Supporting breastfeeding mothers when disaster strikes

Breastfeeding is a free, amazing source of nutrition. But as any new mom can attest to, it can also be complicated even under the best circumstances, and some are unable. So when lives are disrupted by conflict and disasters, experts say it’s worth an extra effort to support breastfeeding mothers.

Newborns and infants, pregnant women, and breastfeeding mothers are the most vulnerable in times of conflict and disaster. They are in emotional distress, homeless, they’ve lost loved ones, and are often struggling to get adequate nutrition. They may be fleeing or living in the open without clean water and sanitation.

“It’s not easy to continue to breastfeed after an emergency, when mothers and systems are put under pressure,” says staffer Minnie Portales of World Vision in the Philippines.

After Typhoon Haiyan struck the Philippines in 2013, many mothers told World Vision staff they were too stressed to breastfeed and instead gave their babies water to fill them up and quiet them. Without vital nutritional knowledge, their infants were at risk of malnutrition from diarrhea. These vulnerable moms needed a safe place to get support and education.

World Vision Philippines set up 14 Women and Young Children Space (WAYCS) in the disaster areas after Typhoon Haiyan. ©2014 World Vision.
World Vision Philippines set up 14 Women and Young Children Space (WAYCS) in the disaster areas after Typhoon Haiyan. ©2014 World Vision.

A safe space for women to breastfeed

“It is very important to have space for women and children where they can have protection and privacy as well as some normalcy,” says Weihui Wang, a child protection expert with World Vision.

In 2015, Weihui set up Women and Young Children Friendly Spaces in Serbia for breastfeeding mothers on the refugee route to Europe. In a roadside tent women found a comfortable setting to get diapers and supplies, breastfeed their babies, let toddlers play, interact, and learn about child health and nutrition.

In long-term disaster settings like Typhoon Haiyan and Nepal after the 2015 earthquake, programs for nursing mothers gave them a quiet place to gather while they were displaced.

Myrna, a mother of four, says it was a big relief to bring Mary Rose, her youngest, to one of these spaces after Typhoon Haiyan.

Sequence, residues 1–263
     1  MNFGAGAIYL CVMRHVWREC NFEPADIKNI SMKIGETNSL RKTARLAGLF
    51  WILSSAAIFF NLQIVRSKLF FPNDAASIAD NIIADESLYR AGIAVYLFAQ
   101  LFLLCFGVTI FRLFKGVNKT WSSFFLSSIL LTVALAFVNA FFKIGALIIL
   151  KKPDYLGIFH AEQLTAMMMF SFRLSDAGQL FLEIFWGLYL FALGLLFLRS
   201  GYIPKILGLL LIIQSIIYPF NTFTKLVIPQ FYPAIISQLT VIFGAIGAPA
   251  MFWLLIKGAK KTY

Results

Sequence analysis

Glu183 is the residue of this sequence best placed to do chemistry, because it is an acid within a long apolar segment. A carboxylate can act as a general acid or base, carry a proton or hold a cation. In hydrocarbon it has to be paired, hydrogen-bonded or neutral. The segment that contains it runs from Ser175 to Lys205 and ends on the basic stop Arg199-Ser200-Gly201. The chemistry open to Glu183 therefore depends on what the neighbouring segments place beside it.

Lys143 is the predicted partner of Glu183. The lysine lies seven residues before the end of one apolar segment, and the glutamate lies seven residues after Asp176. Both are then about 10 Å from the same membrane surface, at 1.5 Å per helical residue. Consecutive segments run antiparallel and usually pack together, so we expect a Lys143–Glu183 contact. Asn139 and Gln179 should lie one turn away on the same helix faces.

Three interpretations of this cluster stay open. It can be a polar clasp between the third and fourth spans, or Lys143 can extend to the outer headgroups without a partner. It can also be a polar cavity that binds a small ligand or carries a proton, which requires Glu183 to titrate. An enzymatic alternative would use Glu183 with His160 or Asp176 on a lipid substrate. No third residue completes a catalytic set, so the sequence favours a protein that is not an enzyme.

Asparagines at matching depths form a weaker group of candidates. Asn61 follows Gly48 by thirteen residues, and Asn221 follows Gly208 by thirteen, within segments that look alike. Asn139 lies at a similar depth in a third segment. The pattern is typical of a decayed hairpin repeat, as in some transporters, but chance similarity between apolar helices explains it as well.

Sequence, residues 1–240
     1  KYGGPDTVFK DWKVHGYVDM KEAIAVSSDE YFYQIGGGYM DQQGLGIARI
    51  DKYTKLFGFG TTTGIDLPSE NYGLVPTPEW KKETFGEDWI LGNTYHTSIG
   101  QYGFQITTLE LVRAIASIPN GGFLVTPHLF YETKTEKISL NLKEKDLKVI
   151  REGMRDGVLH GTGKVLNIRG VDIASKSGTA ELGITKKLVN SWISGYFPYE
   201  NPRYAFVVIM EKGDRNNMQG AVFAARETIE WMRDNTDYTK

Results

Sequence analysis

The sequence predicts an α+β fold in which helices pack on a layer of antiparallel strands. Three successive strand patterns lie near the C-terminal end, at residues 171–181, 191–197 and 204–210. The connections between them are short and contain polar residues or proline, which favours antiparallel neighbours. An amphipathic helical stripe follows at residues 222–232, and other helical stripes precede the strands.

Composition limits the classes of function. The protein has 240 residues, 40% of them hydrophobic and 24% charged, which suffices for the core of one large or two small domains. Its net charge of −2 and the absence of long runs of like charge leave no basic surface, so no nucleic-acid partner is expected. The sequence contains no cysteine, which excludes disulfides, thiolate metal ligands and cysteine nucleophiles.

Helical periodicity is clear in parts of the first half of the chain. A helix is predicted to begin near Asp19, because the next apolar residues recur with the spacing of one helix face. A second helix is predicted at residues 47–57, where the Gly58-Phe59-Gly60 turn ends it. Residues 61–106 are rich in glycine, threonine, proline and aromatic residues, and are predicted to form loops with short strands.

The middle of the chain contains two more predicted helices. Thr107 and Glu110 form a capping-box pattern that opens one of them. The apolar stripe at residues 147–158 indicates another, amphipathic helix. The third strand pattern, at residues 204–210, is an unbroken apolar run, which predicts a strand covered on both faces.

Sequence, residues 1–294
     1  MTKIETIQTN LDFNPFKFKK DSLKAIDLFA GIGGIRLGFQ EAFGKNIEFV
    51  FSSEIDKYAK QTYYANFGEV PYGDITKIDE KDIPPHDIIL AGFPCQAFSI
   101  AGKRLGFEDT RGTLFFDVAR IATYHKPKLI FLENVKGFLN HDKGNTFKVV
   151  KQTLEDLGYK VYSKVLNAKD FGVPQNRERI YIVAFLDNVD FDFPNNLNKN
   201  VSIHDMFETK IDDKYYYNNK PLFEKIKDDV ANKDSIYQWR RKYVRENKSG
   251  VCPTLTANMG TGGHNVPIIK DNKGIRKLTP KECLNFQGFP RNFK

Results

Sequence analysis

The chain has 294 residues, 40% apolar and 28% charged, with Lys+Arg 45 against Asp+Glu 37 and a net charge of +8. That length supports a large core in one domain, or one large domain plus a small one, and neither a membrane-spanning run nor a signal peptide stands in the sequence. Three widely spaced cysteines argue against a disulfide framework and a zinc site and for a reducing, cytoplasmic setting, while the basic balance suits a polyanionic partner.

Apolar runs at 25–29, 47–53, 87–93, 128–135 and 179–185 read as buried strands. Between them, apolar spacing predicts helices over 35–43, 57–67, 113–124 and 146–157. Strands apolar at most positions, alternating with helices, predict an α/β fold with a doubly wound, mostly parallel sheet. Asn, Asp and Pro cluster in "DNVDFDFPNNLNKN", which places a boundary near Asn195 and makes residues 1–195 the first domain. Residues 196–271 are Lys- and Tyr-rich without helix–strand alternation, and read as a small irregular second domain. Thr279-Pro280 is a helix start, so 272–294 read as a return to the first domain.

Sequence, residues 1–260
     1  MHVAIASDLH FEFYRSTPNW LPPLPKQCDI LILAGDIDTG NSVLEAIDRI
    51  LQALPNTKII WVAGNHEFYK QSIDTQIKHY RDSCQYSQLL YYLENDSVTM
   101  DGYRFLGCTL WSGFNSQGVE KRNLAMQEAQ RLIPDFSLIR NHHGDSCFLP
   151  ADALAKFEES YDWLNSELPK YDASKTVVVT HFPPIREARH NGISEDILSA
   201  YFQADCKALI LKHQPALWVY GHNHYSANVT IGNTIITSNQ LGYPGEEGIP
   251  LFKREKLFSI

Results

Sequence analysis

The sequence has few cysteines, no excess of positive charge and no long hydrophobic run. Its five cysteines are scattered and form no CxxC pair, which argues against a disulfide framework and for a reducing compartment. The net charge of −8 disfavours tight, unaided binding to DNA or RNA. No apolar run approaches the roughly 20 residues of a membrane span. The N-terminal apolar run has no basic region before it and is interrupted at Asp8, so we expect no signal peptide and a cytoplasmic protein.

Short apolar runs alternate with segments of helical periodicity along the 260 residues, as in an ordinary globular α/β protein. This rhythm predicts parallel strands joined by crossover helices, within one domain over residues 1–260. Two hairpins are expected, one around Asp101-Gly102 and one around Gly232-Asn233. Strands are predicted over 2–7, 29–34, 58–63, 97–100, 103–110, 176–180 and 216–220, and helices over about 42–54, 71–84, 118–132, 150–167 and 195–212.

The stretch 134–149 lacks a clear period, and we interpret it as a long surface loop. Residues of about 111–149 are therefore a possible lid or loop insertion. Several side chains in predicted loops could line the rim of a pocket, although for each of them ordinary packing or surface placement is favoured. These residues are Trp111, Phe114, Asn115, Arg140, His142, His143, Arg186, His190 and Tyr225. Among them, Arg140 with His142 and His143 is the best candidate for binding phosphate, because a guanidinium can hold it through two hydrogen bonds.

“When I come here, baby Mary Rose and I can relax, and I can forget my problems and anxieties,” Myrna says. “I also learned a lot of things with other moms.”

While they are nursing or changing diapers, mothers hear from health workers about the importance of de-worming for children, pre- and post-natal health care, issues of gender-based violence, and other health and nutrition-related topics.

 

Well-meaning help can cause harm

Baby formula is high on the list of supplies that well-meaning people want to donate when an emergency strikes, says Minnie Portales. But large amounts of free formula can have the unintended consequence of discouraging breastfeeding among mothers who could continue to breastfeed with the right support.

The 1989 earthquake in Armenia is a prime example. Many aid organizations provided large amounts of free infant formula to families after this disaster. Subsequent marketing by baby food companies helped continue the trend. Breastfeeding in Armenia declined dramatically after the quake, and 25 years later it was still down by 20 percent.

Other measures for optimal breastfeeding that reduce child deaths were low, too. Only 36 percent of newborns were breastfed within an hour of birth, and only 35 percent were fed breast milk exclusively during their first six months.

Manushak Grigoryan, an Armenian mother of two, grew up in a society that didn’t value breastfeeding. “Breastfeeding was complicated with my first baby,” she says, “so I easily replaced [breast milk] with formula, and then with cow’s milk.”

She wishes she’d had the knowledge and encouragement she needed to continue breastfeeding her first child. Now, with new knowledge and support, Manushak is successfully breastfeeding her second baby.

Written by Kathryn Reid. Edited by Rachael Boyer. Reporting by Ani Chitemyan in Armenia and Crislyn Felisilda, Aaron Aspi, Monalinda Cadiz, and Hasanthi Jayamaya in the Philippines.

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